Have Much Drinking Should You Do At Ed Meetings?

Share on Facebook
Share on Twitter
Share on

OK, I tried in my previous post to give a higher level policy analysis of why you should care about the unfolding scandal regarding what appears to be an egregious corruption at the Merrimack Special Education Collaborative and Merrimack Education Center. Next, we’ll move on the prurient details:

When was the last time you had nine drinks? Each guest at the non-profit Merrimack Education Center’s 2008 annual meeting Friday dinner averaged 8.8 drinks at the event. The dinner the next night was a model of decorum with the average plummeting to just under seven drinks per person. All told, the weekend event had a bar tab of $154 per attendee.

Three times better than the Secretary? Merrimack Education Center’s Executive Director John Barranco’s 2010 total compensation was $525,198 for running a local non-profit that had essentially one client. That’s a jaw-dropping 3.4 times what the state secretary of education pulls in salary.

No-show pension inflation. Barranco exploited an egregious loophole in our current law to put Richard McDonough (the lobbyist from the Cognos case, who is still active on Beacon Hill) onto the payroll of the state entity for three years at a high salary. Unfortunately, no one at the state entity can recall seeing him working, had did not have an office or a telephone and no one can produce any work-related product that was produced by him. But that didn’t stop him from earning $96k+ from 2006 to 2008, looking in a pension of $31k per life. Oh, and he was running a ‘side’ business as a lobbyist and pulled in $2.9 million outside of his state job during the three years (2006 – 2008) used to compute his state pension.

Double-dipping. Barranco served for a long period as the head of the state entity (the Collaborative) and the non-profit (the Center) but was credited with full time service at the state entity for the purposes of his pension. By ‘retiring’ from the state entity in 2005, he triggered his pension, which amounted to $157k per year. So, in 2010, he took in $157k from his state pension plus his $525k from the non-profit. Yet he was still doing the same thing he had always done: operate two related entities providing special ed-related services from the same office with the same staff.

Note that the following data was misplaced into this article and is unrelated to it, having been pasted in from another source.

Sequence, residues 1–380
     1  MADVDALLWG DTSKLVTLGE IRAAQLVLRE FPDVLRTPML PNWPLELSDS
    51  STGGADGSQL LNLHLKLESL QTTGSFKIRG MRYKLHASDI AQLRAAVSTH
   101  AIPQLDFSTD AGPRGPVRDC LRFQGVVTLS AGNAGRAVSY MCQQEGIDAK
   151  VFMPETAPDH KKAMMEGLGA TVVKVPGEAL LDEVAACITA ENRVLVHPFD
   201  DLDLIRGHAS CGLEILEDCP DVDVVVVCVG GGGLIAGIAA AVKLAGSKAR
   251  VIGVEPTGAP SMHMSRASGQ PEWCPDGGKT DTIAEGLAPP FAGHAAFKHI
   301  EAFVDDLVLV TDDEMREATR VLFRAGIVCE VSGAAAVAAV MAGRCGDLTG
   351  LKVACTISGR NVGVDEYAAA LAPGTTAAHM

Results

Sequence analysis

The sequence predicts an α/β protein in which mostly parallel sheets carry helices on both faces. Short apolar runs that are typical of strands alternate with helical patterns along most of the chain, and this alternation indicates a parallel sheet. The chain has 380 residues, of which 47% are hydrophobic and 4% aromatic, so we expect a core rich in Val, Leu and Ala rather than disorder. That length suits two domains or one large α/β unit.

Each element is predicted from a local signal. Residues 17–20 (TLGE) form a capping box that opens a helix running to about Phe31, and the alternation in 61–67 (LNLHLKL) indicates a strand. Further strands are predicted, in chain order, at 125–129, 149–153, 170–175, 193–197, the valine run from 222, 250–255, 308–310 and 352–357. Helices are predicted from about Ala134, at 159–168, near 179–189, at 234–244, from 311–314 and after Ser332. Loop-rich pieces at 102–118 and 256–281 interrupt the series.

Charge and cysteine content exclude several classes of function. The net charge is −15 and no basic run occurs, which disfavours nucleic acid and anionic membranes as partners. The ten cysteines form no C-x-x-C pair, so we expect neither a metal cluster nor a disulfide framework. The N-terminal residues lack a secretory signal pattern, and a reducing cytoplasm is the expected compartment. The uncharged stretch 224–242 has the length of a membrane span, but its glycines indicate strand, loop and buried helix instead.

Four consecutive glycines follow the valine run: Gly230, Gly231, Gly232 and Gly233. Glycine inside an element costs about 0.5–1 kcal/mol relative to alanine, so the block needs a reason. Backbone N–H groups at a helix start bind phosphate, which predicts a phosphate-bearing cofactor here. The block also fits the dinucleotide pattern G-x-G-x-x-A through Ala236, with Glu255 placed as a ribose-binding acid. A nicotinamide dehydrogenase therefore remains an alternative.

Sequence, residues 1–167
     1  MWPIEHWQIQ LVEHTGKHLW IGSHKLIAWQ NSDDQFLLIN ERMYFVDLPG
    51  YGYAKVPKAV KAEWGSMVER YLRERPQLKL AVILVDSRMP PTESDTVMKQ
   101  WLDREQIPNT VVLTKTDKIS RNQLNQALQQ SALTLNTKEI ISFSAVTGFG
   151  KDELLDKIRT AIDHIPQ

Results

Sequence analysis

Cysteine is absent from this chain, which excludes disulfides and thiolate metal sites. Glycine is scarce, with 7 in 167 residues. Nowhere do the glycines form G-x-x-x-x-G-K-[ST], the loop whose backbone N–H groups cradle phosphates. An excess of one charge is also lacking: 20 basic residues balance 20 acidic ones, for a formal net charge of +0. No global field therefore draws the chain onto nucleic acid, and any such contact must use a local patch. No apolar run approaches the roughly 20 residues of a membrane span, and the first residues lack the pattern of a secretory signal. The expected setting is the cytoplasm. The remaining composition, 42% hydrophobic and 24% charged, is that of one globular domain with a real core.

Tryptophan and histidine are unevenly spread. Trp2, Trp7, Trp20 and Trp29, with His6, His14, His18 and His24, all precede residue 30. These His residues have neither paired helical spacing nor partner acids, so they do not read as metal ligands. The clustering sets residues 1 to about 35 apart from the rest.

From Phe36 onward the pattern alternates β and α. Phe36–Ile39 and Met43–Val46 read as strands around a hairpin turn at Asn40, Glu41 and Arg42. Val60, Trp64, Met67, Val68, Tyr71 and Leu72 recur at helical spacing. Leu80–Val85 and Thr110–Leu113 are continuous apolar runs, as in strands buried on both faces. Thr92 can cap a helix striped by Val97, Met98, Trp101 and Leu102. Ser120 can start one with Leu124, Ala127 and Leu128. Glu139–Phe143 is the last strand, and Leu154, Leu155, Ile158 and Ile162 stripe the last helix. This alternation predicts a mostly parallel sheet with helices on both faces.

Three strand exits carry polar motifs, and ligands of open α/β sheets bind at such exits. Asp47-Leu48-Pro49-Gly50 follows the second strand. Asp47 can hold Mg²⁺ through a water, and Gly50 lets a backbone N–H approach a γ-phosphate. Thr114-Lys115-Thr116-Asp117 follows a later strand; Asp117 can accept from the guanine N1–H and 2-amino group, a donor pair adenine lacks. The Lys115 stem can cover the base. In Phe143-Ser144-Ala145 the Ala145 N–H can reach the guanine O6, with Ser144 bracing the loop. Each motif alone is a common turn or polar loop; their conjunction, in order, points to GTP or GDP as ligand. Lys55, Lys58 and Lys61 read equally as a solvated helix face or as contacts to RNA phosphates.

Credit card follies. Using the credit card for the education non-profit, Barranco made lots of questionable charges – $1k plus on cigars and poker chips shipped to Barranco’s Florida home, a swimming pool cleaning robot, and the piece de resistance, $3k for rooms and dinner at a Kentucky Derby junket with … wait for it … Joe Lally, of Cognos fame. It also charged huge entertainment bills on the card, generating almost $7k in ‘rewards’, which were taken in Home Depot gift cards (with no record of who got them and what they funded).

Blatant conflict of interest. Two entities, A (the Collaborative) and B (the Center). A agrees to pay $7m to B for ‘historic underfunding’ despite valid contracts having been in place. The Executive Directors of A and B are in a n 8 year relationship and live together. And the Executive Director of A receives $140k bonus from B four months later. Also, the Boards for A and B that approved this massive, extraordinary transfer were made up of the same people (yes, each entity had the same board membership). And three of those Board members were hired by B shortly after the vote took place. This really happened in Merrimack Valley and no one batted an eye.

These are all written in a light-hearted vein. But then you consider the source of all these funds – your state and local tax dollars – and the intent – to educate children with special needs – and it gets a lot less amusing.